Sunday, May 31, 2015


We are now in the midst of the not-so-invisible primary and as the title suggests, this will be a look at likely Democratic nominee Hillary Clinton.

But Wait! This is an open seat. There is no sitting incumbent. History shows that there should be a scramble for this nomination, especially among the Democrats...

In a true role reversal, the Democrats are looking to a coronation of the heir apparent; the runner-up in the last contest. In contrast, the GOP is at 19 candidates and counting.

Hillary Clinton announced that she is running for the Democratic nomination in April 2015. This is a good time to look at her strengths and weaknesses and conduct a quick analysis of her candidacy.

  1. Perceived Experience. So much of politics and elections is defined by perceptions and the perception that she is ready and able to assume the office of the presidency on Day 1 is compelling. 
  2. Eight years as first lady, during which she was involved in both successful (women's initiatives) and unsuccessful (healthcare) policy goals. 
  3. Election as Senator from NY in 2000, an office to which she was easily reelected.
  4. Ultimately unsuccessful presidential run in 2008, during which she became a household name and gained invaluable experience running and almost winning a national campaign.
  5. Secretary of State posting provides foreign policy experience.
  6. Very weak opposition from the Left in terms of former MD governor O'Malley and Socialist Bernie Sanders. Looks like Elizabeth Warren who could cause more concern is not running. Former Reagan appointee turned Democrat Jim Webb will not be a factor.
  7. Gobs of money! And the ability to raise gobs more...
  8. Fond memories of the Clinton presidency - we can get two for the price of one again (inside joke from 1992 campaign). Bill will be helpful (as long as he behaves).
  9. Her gender and the ability to make history. This is a biggie.
  10. Over the years she has done a lot of favors that she can now call in.
Now for the negatives
  1. She had all the structural advantages of money and organization in 2008 and still managed to blow it.
  2. Does not take nor handle tough questions or unsupervised settings well.
  3. Clinton Foundation questions may blow up her face.
  4. Email scandal may blow up in her face.
  5. Does not have a politician's natural ability - appears to be cold and calculating without much pretense of genuine humanity. Sorry, but this IS the perception...
  6. Benghazi issue, although not seen as important by many in the public, is still around and will be investigated by the GOP-controlled House.
  7. She has made a lot of enemies on both sides of the aisle over the years. Democrats are not overly enthusiastic about her, but there are few alternatives.
  8. She is very polarizing. A Clinton administration would be fraught with more gridlock as the GOP is likely to keep control of Congress, at least initially.
  9. She is tied to President Obama's success or failure over the next 18 months.
  10. Rails against Wall St. but benefits from it - hypocrisy issue.
It is far too early to make any predictions, but I am fairly certain that unless the dynamics change - and change soon, that she will win the Democratic nomination fairly easily. I don't see Sanders be much of a threat - in fact he may help her look moderate as he is so far to the left.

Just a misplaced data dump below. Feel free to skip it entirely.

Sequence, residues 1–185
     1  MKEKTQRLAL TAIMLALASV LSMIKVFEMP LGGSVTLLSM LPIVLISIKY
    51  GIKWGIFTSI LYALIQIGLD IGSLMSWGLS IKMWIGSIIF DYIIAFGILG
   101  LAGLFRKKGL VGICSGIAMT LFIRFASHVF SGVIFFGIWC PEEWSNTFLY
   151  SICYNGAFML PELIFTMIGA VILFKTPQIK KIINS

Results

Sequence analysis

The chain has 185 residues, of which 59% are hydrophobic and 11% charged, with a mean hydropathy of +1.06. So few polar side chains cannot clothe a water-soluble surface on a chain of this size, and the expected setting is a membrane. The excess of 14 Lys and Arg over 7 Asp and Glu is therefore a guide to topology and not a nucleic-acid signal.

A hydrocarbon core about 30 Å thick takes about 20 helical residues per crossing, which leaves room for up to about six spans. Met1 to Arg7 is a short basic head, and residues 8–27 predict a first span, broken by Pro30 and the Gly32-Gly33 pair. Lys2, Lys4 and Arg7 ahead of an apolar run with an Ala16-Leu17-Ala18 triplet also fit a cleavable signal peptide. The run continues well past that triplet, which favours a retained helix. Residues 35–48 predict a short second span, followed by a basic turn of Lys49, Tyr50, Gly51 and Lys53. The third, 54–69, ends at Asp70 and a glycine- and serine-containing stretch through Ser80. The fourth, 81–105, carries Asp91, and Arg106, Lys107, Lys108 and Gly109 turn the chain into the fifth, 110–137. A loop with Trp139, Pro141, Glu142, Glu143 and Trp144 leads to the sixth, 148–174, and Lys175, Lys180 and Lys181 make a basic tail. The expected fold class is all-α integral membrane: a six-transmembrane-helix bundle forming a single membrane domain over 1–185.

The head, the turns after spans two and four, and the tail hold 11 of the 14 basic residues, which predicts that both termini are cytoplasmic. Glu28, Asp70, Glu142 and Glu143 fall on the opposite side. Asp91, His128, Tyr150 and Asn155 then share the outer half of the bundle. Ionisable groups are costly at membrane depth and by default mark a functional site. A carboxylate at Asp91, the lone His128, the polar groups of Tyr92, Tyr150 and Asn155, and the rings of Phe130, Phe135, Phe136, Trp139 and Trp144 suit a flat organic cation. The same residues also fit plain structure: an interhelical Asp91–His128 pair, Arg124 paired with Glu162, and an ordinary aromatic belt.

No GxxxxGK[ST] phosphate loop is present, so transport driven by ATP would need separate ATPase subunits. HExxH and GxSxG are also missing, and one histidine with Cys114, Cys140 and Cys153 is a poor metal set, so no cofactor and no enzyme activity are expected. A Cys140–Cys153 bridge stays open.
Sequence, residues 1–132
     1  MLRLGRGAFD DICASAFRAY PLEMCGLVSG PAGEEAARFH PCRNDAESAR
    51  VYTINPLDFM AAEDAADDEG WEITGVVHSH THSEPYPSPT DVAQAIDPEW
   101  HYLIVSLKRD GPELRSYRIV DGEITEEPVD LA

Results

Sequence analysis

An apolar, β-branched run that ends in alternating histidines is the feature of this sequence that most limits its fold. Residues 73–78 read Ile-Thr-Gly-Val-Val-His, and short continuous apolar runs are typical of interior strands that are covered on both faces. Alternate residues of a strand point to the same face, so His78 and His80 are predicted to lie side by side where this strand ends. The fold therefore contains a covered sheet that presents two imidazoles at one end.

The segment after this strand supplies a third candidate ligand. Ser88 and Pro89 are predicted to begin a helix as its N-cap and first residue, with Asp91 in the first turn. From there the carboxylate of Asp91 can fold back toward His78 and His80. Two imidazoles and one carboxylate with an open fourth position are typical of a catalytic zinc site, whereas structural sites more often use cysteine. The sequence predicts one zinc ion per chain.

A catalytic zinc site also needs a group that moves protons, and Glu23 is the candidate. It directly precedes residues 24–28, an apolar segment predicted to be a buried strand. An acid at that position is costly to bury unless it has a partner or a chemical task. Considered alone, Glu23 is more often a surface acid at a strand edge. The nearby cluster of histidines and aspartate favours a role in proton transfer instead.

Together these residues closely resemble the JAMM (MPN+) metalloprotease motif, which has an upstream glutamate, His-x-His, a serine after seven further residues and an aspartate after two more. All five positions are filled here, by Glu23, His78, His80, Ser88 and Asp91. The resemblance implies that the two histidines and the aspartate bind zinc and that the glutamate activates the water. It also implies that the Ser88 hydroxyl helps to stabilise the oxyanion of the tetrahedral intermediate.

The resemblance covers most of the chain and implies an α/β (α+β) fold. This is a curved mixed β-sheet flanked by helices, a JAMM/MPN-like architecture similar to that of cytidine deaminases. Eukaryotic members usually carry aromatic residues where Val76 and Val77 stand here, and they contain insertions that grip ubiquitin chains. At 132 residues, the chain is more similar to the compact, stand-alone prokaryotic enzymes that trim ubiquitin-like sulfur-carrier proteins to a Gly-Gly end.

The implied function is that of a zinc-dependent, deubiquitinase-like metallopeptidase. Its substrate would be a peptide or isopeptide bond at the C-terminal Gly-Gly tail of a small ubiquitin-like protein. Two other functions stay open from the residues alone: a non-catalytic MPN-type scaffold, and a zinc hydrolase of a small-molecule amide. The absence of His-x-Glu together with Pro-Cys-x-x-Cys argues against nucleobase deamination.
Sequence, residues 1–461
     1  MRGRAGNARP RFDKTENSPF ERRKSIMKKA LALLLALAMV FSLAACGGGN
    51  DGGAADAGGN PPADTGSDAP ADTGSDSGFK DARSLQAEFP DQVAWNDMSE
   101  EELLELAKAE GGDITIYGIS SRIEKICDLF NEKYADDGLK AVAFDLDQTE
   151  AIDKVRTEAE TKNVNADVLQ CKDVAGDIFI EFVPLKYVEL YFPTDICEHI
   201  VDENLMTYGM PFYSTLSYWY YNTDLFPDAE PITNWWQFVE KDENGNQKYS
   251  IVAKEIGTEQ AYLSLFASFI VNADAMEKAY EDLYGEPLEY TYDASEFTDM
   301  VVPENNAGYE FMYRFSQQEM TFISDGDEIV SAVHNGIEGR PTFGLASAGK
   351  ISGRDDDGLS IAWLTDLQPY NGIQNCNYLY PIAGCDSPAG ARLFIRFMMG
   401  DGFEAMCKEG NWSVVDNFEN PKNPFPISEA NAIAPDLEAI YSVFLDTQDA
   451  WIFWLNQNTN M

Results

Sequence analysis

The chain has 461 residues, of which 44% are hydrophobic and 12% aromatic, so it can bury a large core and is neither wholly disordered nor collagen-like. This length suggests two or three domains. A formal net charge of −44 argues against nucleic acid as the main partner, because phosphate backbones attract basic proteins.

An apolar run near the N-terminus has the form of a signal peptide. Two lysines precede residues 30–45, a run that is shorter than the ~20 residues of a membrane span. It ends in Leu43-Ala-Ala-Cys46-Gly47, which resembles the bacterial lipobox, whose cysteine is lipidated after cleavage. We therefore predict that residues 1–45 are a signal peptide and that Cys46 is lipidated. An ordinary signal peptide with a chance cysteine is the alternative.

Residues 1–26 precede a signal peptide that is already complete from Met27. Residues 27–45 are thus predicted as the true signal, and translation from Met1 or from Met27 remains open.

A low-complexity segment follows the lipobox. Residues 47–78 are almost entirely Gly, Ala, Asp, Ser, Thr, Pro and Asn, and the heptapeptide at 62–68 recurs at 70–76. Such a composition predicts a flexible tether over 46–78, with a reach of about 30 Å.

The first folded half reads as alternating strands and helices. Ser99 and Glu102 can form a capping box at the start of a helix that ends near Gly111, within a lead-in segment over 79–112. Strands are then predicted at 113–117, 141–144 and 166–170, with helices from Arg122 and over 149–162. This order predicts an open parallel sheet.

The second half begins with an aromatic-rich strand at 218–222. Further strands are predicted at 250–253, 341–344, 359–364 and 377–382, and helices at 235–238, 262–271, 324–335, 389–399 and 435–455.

Hillary's strategy is to do enough to make this inevitable and keep any major opponents on the sidelines. But she is also flying under the radar for now to some extent (note very few press questions) so that she can run out the clock on any serious opposition within the party. Thus far it seems to be working. Well over 50% of Democratic primary voters are supporting her in the early polls and her opponents are registering in single digits.

Note that she is taking positions on social issues (immigration) that are to the left of President Obama. This helps her among the left of the party, Hispanics, and among younger voters. I would not be surprised to see her take other leftist positions to appeal to groups she will need in the general. Plus it helps neutralize any thoughts of a "Draft Warren" movement.

If serious opposition does not materialize by mid fall, the primaries and her nomination are a forgone conclusion (absent any major scandal or gaffes). She is already running against the GOP and ignoring her own party's opposition. This is a strategy that may backfire though as the perception of a coronation may not sit well with the general electorate. I would advise her to take on her opponents as it will build her credibility as a candidate who is going to work for the nomination.Avoiding the press is a long-term mistake as well as she cannot avoid them forever.

I place her changes at the nomination of over 90% right now. This is not your father's Democratic party where it was a free for all. Ironically, the Dems are behaving like the GOP where there would be a coronation of the person whose "turn" it was. And the GOP is now having a free for all.

This promises to be a busy year and a half. Next up, the GOP and why there are only four candidates with any chance of getting the nomination and only two who could possibly beat Hillary,


The Prof